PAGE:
The area around Solis Lacus, sometimes called the “Eye of Mars,” is notorious for changes in surface markings. So is the Elysium region.
Clouds and Hazes
The Martian atmosphere is ever-changing. Look for white water-ice clouds and bluish limb hazes. Bright surface frosts also occur; these are hard to tell from clouds. As ice in the North Polar Cap sublimates through the northern summer, the atmosphere gains more water vapor and clouds become more frequent planet-wide.
Discrete clouds often recur at the same places, especially Hellas, Chryse, and Libya. The “Syrtis Blue Cloud” circulates around the Libya basin and across Syrtis Major; it’s best seen when these features are near the limb. Viewing this bluish cloud through a yellow filter may cause Syrtis Major to appear distinctly green.
Orographic clouds sometimes form over windblown Martian mountains, like orographic clouds on Earth. Enormous Olympus Mons and the three other shield volcanoes of the Tharsis plateau are especially prone to them. So is Elysium Mons in Elysium on the planet’s other side.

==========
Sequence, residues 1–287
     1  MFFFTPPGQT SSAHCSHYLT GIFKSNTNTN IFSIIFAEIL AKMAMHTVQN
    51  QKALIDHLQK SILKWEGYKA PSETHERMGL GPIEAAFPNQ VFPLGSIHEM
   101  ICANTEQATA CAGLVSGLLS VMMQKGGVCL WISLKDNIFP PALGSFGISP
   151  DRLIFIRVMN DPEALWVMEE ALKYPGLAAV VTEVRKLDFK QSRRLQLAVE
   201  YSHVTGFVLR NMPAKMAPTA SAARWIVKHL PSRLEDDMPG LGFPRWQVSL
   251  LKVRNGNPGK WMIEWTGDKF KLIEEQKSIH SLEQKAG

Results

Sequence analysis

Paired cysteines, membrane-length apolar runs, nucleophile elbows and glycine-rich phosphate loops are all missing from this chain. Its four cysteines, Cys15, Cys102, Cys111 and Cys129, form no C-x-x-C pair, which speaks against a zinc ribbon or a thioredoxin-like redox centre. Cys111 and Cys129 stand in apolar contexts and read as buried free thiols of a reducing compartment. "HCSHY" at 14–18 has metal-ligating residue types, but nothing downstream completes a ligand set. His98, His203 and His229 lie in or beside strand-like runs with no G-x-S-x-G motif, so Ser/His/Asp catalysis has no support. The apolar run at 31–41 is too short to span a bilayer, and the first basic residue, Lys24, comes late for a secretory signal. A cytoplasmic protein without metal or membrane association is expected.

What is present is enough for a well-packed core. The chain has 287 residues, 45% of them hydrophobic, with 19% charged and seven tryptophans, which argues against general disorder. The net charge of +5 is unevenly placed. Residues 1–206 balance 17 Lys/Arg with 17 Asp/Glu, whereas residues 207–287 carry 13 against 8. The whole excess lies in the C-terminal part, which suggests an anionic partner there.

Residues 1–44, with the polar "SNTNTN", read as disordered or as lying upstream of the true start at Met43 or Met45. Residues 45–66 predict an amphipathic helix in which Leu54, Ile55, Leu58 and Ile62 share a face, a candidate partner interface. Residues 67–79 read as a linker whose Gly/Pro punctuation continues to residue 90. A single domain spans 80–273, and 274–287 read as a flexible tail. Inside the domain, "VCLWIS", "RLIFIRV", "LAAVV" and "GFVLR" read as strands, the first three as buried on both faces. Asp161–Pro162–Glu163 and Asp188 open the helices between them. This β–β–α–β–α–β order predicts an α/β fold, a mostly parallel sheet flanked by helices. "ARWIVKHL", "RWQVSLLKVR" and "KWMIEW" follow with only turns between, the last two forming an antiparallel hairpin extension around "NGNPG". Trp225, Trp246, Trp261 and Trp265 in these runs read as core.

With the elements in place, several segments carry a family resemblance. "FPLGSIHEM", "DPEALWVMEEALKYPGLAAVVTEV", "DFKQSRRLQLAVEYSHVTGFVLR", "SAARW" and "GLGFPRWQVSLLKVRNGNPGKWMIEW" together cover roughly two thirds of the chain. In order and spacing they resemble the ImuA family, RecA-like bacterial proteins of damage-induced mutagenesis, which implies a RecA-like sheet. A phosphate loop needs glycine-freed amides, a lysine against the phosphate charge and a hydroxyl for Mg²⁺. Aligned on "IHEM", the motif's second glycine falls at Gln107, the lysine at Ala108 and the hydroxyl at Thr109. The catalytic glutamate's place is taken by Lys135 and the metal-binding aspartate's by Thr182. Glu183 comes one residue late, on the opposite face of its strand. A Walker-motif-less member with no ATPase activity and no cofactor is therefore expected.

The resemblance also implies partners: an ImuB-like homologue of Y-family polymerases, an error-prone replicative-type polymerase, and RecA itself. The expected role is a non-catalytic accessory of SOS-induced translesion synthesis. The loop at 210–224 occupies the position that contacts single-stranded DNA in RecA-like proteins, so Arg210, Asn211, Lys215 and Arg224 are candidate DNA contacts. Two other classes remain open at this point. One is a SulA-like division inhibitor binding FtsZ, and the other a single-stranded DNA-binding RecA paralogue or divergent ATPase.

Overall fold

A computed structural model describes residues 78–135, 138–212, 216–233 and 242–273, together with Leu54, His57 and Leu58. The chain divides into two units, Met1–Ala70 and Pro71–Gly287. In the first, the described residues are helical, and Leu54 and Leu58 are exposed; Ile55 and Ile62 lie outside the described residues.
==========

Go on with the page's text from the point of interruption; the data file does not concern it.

Limb brightenings (“limb arcs”) are caused by dust and dry-ice crystals scattering light high in the Martian atmosphere.
Morning clouds are bright, isolated patches of surface fog or frosty ground near the morning limb (the celestial east or “following” side). Fogs usually dissipate by midmorning as Mars rotates; frosts may persist for most of the day.
Evening clouds have the same appearance as morning clouds but occur on the planet’s preceding limb.
Dust storms can occur in almost any Martian season, but they’re uncommon during southern-hemisphere winter, meaning now. The critical diagnostic of a dust storm is a relatively bright patch moving and obscuring dark features that were previously well defined. Dust storms may change appearance from one night to the next.